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Celebrating the life of Lilli Vincenz

U.S. senator, activists reflect on legacy of pioneering LGBTQ rights advocate

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Lilli Vincenz passed away on June 27 at age 85. She was a co-founder of the Washington Blade. (Blade file photo by Michael Key)

A dozen people familiar with the accomplishments of LGBTQ rights advocate Lilli Vincenz, who died on June 27 at the age of 85, have elegantly expressed and captured the pioneering work and legacy of Vincenz as an LGBTQ rights advocate, psychotherapist, and documentary filmmaker.

Among the accomplishments of Vincenz considered most significant by those whose views are included here, including U.S. Sen. Tammy Baldwin (D-Wisc.) and two gay historians, is her role as a documentary filmmaker capturing 1960s-era gay protests.

Among the Vincenz films considered significant, which are now available for viewing through the Vincenz papers and film collection at the Library of Congress, include her 1968 film “The Second Largest Minority” and her 1970 film “Gay and Proud.”  

The 1968 film captures what activists say appears to be the first known documentary of a 1960s-era pre-Stonewall gay and lesbian protest outside Philadelphia’s Independence Hall organized by the Mattachine Society gay rights organization with ties to D.C., Philly, and New York City.

The second film in 1970 captured the first Christopher Street Liberation Day Parade in New York City to commemorate the first anniversary of the Stonewall riots in New York’s Greenwich Village.

The activists contributing to this tribute to Vincenz say these historic films were just one part of the enormous contributions that Vincenz has made to the LGBTQ rights movement beginning in the 1960s through the early 2000s.

U.S. Sen. Tammy Baldwin (D-Wisc.)

Discussing 1960s-era ‘gay’ documentary films made by Lilli; excerpt from interview in Mattachine Society Documentary ‘Gay and Proud: Lilli’s Legacy’:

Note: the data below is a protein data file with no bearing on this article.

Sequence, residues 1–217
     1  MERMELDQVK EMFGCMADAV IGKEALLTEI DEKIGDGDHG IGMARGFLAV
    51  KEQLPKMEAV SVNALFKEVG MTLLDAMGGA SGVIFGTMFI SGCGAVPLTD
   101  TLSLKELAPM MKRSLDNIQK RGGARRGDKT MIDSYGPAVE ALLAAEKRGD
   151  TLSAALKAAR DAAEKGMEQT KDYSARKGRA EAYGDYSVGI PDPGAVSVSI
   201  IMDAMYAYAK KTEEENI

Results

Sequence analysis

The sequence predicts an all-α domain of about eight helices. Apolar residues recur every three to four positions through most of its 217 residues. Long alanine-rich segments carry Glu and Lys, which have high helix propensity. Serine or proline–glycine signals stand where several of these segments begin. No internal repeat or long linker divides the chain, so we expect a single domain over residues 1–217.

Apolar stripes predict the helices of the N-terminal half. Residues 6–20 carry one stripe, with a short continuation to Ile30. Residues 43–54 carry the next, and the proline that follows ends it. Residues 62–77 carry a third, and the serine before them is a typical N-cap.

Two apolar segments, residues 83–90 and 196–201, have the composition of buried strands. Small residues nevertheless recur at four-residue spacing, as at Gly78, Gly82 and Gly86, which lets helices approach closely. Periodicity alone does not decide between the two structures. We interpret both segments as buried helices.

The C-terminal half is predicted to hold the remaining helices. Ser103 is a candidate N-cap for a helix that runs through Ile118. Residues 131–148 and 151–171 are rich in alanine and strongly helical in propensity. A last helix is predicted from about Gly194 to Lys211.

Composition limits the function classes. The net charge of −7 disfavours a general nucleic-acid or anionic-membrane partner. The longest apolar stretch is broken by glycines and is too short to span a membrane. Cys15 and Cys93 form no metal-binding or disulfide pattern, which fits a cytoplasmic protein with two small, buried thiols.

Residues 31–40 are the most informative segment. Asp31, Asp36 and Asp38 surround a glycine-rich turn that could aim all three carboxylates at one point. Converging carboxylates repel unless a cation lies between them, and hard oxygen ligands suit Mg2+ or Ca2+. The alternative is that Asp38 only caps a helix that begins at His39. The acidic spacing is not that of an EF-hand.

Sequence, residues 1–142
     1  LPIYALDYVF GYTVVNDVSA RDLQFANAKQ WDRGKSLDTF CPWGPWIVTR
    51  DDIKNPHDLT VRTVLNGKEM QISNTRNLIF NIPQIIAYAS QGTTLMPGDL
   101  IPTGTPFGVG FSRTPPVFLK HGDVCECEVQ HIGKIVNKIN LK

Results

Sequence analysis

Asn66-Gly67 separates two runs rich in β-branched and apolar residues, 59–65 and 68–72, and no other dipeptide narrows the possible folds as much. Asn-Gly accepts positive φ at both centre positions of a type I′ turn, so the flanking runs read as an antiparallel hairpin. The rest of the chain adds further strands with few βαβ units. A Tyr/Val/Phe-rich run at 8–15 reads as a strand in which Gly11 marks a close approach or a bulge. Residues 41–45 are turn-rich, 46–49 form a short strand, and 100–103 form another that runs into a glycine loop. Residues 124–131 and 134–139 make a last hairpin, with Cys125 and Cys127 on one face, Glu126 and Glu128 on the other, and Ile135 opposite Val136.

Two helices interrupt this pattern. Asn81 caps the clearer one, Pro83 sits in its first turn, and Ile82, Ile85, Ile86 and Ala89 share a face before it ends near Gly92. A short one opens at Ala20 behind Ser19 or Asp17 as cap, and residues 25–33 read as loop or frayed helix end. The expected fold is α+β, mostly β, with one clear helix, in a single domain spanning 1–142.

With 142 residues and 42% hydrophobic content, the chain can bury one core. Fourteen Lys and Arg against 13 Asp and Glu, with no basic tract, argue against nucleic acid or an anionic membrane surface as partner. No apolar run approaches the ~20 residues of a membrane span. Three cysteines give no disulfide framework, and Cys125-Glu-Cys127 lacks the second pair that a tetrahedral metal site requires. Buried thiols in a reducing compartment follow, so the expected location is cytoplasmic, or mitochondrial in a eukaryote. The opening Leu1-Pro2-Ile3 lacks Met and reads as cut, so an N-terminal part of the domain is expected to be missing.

She recorded a history that without her work would remain untold in many respects. I prize, and cherish, and respect not only those participants in activism but those who recorded it so people like me decades later could learn about them and learn about our history. Lilli Vincenz is one of those prescient individuals, courageous individuals who made that possible.

I remember coming out when I was in college. I tried to read up on the history of the LGBTQ movement. I remember at the time seeing some documentaries. It gave me a deep appreciation of some of the pioneers who did courageous things when few others were, and also the fact that some of those things were documented allowed somebody like me many years later to find a family that I didn’t know I had as a member of a larger community.

Not only did she have the foresight to come with a camera in order to record this immensely historic event, but she knew the importance of distributing it to people in other areas of the country who could perhaps gain some confidence and courage out of seeing what was happening in New York City and other cities. She made copies and sent it to gay bars and other groups who would then show the film, giving people a greater understanding of a movement that they were a part of and perhaps the courage to speak out and be more visible.

There was an understanding, particularly by Lilli, that when we were visible and vocal, we could make change. And through their courage, that began to happen.

The fact that we have a copy today and that institutions like the Library of Congress have found this to be a remarkable piece of history and is preserving it for generations to come is a real statement of their understanding and all of our understanding of how movements for change work and how much a part of our country’s history this struggle is and was.

Daniel L. Hays, president, Equality NoVa

The LGBTQ+ community lost another trailblazer, an icon with the passing of Lilli Vincenz. From her work – multi-decades work – beginning in the early 60s, to her preservation of the movement’s history in documentaries, her work was critical to us getting to where we are in the fight for equality. The heavens received an angel that surely is looking down on us all with rainbow wings.